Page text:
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illumination viewed through the eyepiece is maximized. The contact angle and the surface tension of the liquid can then be used to calculate the surface energy of the substrate [7]. The dyne pen is another method for measuring the surface energy for either the film or the substrate [7]. This method involves the use of a set of commercially available felt-tip pens containing a range of inks with a known surface tension. One of the pens is used to apply a thin film of ink over approximately 7 square centimeters of the test surface. If the ink film breaks into droplets in less than two seconds, the process is repeated again using a pen filled with ink having a lower surface tension. This procedure is used to determine the lowest surface tension ink that forms a continuous film and remains intact for at least two seconds. The value of the surface tension of this ink is then taken as the surface energy of the test substrate [7]. With the surface energies and contact angle known the Young-Dupr equation can be used to find the true work of adhesion: cos1ffssfAW (3). Lipkin and others measured the true work of adhesion of a gold thin film on a sapphire substrate to be approximately 0.9 J/m 2 which corresponds to the typical values of 1-2 J/m 2 for the true work of adhesion measured for metal films on ceramic substrates [8]. In a perfect situation we could say that the true work of adhesion is equal to the film/substrate adhesion. This follows the idealized case of Griffith fracture where the fracture resistance i is assumed to be equal to the thermodynamic (true) work of adhesion W A The true work of adhesion does not account for energy loss due to plastic 4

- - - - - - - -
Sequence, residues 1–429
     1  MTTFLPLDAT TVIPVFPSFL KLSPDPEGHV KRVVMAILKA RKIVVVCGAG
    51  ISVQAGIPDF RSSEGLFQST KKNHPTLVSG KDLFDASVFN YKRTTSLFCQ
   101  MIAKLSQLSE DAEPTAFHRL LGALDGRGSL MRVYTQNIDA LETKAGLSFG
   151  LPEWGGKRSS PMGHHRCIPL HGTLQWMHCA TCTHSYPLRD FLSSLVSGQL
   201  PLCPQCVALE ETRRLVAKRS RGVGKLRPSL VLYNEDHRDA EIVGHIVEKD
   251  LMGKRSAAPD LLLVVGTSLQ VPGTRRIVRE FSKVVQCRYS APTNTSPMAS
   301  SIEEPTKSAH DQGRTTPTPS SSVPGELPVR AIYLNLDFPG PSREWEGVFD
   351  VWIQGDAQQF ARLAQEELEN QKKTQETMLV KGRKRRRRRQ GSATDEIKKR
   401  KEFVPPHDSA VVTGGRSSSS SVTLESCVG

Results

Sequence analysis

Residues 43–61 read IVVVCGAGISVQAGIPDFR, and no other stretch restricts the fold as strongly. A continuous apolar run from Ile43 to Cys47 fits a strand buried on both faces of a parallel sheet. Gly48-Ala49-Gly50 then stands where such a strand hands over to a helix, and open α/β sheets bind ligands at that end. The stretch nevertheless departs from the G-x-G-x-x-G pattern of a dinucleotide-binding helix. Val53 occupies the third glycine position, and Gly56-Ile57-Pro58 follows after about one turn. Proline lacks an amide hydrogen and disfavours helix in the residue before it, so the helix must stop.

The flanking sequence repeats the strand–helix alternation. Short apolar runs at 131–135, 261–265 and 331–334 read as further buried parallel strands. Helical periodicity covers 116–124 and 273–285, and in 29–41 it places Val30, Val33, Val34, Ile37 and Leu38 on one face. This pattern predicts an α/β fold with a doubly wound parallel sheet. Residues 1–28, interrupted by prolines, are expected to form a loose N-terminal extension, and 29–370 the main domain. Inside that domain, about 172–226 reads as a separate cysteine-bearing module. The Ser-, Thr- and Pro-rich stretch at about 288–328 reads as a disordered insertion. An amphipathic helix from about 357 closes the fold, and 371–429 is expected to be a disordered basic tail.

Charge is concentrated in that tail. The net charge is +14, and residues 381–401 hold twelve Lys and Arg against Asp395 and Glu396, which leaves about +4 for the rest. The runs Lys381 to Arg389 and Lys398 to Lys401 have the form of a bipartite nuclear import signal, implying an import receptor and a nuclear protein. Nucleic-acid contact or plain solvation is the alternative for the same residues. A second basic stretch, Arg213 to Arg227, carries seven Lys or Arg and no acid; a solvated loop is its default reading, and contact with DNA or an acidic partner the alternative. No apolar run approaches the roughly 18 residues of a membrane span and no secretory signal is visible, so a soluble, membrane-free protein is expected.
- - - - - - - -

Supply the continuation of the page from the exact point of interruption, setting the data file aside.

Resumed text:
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deformation or friction. Even as fracture occurs in a brittle material there will always be a small plastic zone that ahead of the crack tip radius that may extend from a single bond to over several atomic spacings [9, 10]. The small nonlinear plastic zone immediately surrounding the crack tip will be followed by a linear elastic zone that serves the function of transmitting the applied stresses to the inner regions. A more sensible value of adhesion is the practical work of adhesion: sfAAPAUUWWW (4), where W A is still the true work of adhesion, U f is the energy per unit area spent due to plastic deformation in the film and U s is the energy per unit area spent due to plastic deformation in the substrate. The practical work of adhesion W A,P is also called the interfacial toughness or the resistance to crack propagation of the film and substrate pair. The practical work of adhesion is more conducive for analyzing fracture in metal films and will be used as the adhesion measurement in this thesis. 1.3 Fracture criterion Now that the basic definitions of adhesion are established, fracture mechanics will be considered. In 1920 Griffith formulated that a crack will continue to grow as long as the strain energy release rate (G) from the surrounding elastically strained material exceeds the energy required to form new surfaces [11]: iG (5), where G is the strain energy release rate and i is the materials resistance to crack growth. G is frequently referred to as the mechanical energy release rate and it is defined as [12]: 5